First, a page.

-> I have been rejected by most of the crushes I have ever had. I have had four or five talking stages since that first girlfriend, but all of them ended things with me before a month had even elapsed. In fact, one of those girls did that to me on five separate occasions. I have the tendency to allow myself to become subject to emotional abuse, as the fear of losing a significant other scares me more than the pain that I endure in such a toxic stage of talking.

    And yes, I am still a virgin.

    Final Thoughts

    I really have no clue how to address these situations. I find it difficult to relate on any level to most of the people I am friends with. It seems that everyone who shares my interests despises me for one reason or the other. All I want is to be happy. I feel like one of the primary reasons that I fell victim to porn addiction in the first place was that on a lonely, boring Saturday night... all I could do is masturbate.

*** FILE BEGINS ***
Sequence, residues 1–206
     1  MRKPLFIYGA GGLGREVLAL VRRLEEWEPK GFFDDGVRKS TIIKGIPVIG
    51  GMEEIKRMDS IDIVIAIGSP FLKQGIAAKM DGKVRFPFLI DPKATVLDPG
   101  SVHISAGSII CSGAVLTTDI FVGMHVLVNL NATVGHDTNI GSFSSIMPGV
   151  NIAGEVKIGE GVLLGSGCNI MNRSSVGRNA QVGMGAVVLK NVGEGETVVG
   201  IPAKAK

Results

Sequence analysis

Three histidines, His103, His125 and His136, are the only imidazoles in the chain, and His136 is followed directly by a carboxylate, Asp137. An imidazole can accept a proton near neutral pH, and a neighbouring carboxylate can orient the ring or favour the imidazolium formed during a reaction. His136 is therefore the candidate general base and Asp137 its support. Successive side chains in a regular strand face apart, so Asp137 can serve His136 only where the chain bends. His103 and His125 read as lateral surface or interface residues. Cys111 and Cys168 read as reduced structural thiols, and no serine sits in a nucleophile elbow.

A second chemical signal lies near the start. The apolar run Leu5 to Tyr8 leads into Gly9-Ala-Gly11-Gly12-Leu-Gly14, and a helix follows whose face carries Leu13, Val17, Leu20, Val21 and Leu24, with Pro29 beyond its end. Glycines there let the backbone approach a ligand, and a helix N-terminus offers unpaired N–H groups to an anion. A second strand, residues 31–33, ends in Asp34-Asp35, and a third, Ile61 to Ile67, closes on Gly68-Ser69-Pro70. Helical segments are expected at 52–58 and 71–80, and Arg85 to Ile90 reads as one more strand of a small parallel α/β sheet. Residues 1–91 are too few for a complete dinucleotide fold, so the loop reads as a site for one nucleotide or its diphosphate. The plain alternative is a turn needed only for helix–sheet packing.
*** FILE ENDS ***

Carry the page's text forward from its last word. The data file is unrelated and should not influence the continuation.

I'm not entirely sure what I am asking for here. I guess I just wanted to air out my grievances. Sometimes you will never understand your emotions until you write them down and get feedback from others. So, if you have read this far and have experienced something similar, please feel free to leave me some advice. I would deeply appreciate anything that could help me improve my relationships.

    Thank you for reading.






     
  2. DeeJ4y

    DeeJ4y Fapstronaut